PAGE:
NOTE: The following review will eventually be moved to a special 'Live-Action Disney' page.
Another live-action Disney remake has come along from the Disney Renaissance era of the 90s to cash in on things, and this time it's all about exploring under the sea with 'The Little Mermaid'. I have a tricky time with these remakes at the best of times, but when we're talking about a remake of something from the short time I was laser-focused on Disney animation as a kid, I'm bound to have my problems here and there. But I also get that there's an idea of bringing these stories to a new generation.
'The Little Mermaid' was a particular old favourite of mine, and a lot of that had to do with my love of the character Sebastian the Crab. Heck, I even had an album full of him doing Caribbean song covers, that honestly wouldn't make for a bad summertime fun album using all of the original songs like "Three Little Birds", "Day-O (The Banana Boat Song)" and "Hot, Hot, Hot". ANYWAY, this was definitely one I went into with low expectations. Like so many of these, I was pretty sure I'd leave thinking the same things I usually do, being a combination of "meh" and "I prefer the original". But having said that, again, I suppose this is aimed a little more towards the new generation.
Just to recap for the three people out there who haven't seen the original, Ariel (Halle Bailey) is a mermaid and the youngest daughter of King Triton (Javier Bardem), the ruler of the mermaid city of Atlantica. She is fascinated with the unseen world above, despite Triton's objections towards the human race for once killing her mother.A little more adventurous than her several sisters, with the help of a fish named Flounder (Jacob Tremblay) and a seabird named Scuttle (Awkwafina), she collects objects and trinkets that have sunken to the ocean floor, such as Dinglehoppers, thingamabobs and other whosits and whatsits galore.
One day, she comes too close to the humans when she discovers a sailing ship with a handsome young prince named Eric (Jonah Hauer-King) on board. A storm shows up, crashing the ship into some rocks, knocking Eric overboard, and Ariel rescues him. A foggy Eric doesn't quite see Ariel's face but takes her soothing siren song to heart, and soon becomes haunted by the mysterious woman who saved his life. But while Eric is just mystified, it's love at first sight for Ariel, and she wants to be part of his world. Triton, of course, doesn't take this well, and the father and daughter have a bit of a falling out.
This leads her to a sea witch named Ursula (Melissa McCarthy) who gives her a deal: She can turn Ariel into a human for three days in exchange for her mermaid abilities - most importantly, her siren song. She must then receive "true love's kiss" in order to become human permanently. If she doesn't, she changes back into a mermaid to be a slave for Ursula. Ariel reluctantly takes the deal and before long meets up with Eric, who seemingly falls for her back. However, Eric is still haunted by the mysterious girl who rescued him, who he doesn't realize is Ariel. It then becomes a race against time for Ariel, aided by Flounder, Scuttle and my dude, Sebastian the Crab (Daveed Diggs)... but will they succeed?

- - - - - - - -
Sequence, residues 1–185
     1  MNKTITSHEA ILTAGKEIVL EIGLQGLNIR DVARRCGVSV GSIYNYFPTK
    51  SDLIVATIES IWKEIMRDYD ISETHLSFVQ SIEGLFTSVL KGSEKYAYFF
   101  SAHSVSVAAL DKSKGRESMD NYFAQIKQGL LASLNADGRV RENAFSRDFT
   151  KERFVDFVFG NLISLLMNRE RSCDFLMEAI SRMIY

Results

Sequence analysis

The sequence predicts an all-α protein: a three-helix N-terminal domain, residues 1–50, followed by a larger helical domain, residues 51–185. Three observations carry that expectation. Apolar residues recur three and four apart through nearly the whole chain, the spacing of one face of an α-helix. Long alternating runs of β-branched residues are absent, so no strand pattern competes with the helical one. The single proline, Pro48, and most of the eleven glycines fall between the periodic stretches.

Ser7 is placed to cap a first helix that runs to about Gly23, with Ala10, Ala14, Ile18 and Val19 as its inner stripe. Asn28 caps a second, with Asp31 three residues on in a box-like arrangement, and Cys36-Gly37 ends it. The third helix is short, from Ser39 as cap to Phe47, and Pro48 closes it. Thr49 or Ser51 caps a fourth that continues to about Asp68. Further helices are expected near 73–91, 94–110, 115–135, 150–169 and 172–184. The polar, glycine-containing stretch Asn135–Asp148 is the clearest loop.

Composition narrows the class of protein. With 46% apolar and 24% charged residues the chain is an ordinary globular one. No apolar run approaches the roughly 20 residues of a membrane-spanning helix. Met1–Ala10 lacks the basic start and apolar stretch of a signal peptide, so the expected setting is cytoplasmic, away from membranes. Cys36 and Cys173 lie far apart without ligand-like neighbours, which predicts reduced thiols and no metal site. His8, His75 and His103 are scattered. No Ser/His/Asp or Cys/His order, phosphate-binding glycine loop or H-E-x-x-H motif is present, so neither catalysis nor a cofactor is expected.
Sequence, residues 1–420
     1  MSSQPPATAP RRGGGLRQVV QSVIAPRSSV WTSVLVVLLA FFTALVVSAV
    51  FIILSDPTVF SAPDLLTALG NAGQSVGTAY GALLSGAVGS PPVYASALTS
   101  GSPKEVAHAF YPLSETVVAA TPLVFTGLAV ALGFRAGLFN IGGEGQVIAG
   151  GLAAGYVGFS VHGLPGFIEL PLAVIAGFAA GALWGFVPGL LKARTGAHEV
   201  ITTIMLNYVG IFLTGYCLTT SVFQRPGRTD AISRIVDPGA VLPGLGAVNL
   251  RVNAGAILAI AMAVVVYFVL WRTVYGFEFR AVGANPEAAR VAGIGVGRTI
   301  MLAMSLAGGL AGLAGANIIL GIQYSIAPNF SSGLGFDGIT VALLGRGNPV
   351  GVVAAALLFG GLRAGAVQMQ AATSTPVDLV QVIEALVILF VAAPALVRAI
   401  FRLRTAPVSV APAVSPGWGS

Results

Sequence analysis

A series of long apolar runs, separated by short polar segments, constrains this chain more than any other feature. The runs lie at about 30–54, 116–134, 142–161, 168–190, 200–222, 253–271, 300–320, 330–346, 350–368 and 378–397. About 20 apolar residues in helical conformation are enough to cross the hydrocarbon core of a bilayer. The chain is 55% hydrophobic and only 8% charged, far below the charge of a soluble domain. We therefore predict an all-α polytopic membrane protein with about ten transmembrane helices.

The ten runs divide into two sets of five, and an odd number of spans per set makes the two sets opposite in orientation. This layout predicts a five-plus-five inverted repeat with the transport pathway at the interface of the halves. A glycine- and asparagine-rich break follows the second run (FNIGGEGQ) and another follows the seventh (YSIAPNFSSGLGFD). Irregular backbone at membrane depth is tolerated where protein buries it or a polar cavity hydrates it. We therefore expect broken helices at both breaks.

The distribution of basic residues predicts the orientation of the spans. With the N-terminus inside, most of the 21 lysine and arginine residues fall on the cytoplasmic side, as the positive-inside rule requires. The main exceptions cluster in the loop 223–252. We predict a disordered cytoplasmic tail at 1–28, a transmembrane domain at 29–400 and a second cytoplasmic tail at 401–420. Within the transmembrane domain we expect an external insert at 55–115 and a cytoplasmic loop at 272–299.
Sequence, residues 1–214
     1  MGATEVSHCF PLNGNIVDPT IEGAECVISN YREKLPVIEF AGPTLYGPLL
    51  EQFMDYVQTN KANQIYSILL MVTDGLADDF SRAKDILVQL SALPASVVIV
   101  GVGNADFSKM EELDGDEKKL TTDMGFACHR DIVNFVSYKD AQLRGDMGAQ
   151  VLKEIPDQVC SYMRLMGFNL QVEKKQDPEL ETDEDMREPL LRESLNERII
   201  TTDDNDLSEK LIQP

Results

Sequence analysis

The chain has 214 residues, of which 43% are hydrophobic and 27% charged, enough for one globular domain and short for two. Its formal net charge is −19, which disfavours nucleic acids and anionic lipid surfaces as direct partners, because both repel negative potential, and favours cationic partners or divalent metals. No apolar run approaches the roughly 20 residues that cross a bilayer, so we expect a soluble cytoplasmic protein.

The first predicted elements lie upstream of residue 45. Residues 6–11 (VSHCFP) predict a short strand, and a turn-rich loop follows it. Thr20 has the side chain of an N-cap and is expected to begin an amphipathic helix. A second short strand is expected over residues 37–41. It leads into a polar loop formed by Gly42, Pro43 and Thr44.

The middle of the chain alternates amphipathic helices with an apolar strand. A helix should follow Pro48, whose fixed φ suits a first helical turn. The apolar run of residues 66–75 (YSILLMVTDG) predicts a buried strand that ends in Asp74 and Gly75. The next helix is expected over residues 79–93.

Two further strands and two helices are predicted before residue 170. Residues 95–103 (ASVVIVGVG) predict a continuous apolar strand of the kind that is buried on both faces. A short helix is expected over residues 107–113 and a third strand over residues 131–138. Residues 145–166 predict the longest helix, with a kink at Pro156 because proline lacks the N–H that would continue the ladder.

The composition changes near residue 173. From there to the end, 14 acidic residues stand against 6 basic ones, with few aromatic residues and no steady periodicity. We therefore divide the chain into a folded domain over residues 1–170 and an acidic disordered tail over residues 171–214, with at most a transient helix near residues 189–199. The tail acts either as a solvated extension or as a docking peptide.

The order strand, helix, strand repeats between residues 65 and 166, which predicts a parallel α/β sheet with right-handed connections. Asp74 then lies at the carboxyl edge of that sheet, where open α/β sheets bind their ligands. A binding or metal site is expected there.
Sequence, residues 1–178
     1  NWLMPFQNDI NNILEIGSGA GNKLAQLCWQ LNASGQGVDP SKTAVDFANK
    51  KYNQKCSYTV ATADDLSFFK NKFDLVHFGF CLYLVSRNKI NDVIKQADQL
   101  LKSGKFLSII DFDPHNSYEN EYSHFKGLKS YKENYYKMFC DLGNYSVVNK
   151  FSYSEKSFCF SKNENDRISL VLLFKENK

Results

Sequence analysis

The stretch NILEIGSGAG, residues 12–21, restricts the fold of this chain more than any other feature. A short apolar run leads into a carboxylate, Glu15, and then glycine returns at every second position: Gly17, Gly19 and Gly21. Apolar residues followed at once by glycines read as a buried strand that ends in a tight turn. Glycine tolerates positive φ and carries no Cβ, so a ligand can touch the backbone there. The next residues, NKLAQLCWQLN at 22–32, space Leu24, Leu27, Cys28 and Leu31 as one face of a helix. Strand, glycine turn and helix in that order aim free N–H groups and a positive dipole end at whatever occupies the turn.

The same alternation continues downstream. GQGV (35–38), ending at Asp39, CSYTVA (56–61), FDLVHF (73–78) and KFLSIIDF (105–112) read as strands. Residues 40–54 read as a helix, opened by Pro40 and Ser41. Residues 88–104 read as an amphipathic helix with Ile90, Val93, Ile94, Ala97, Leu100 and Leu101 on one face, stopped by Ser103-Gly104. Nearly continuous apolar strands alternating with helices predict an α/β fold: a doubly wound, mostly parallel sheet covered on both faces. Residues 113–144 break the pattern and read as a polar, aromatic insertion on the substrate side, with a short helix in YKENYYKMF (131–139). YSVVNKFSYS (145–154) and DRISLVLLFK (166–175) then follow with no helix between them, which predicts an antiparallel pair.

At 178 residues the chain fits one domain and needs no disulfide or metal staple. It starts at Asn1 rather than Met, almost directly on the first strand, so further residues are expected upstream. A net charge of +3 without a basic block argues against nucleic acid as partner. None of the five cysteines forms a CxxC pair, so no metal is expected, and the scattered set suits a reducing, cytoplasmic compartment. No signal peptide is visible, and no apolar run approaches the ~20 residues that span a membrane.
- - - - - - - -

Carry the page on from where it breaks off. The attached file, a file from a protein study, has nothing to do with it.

One of the things that I wondered about going into this was the musical numbers, and how they would all play out. I experienced the exact same thing here as I did in 'The Lion King' with "I Just Can't Wait to be King". This rendition of "Under the Sea" sounds good, but the overall sequence isn't as fun as the original. Though not without its charm, I still say the only one of these to do the (what I like to call) "Fun Song" well, was 'Beauty and the Beast' with "Be Our Guest", making it a grand visual spectacle. Maybe it's just me, but I simply didn't get the same kick I did from the original here. There are a few new songs here too, so if you don't like musicals, I dunno if this one's for you. But I did enjoy the "Scuttlebutt" song.
Performance-wise, everyone did well. The stand-out to me, of all people, was Melissa McCarthy's performance as Ursula. This was definitely a role she had a lot of fun doing, and it shows. Ariel, however, is a bit of a mixed bag. I thought she came across as kind of deadpan in this whereas the original Ariel was more whimsical... but I've gotta give it to her, she has a beautiful singing voice, actually sounding very similar to the original Jodi Benson. Altogether, the film is pretty well-balanced, and it does take away some things that don't exactly stand these days (like the whole French chef song), but much like anything else Disney live-action remakes, I'll probably just stick to the original.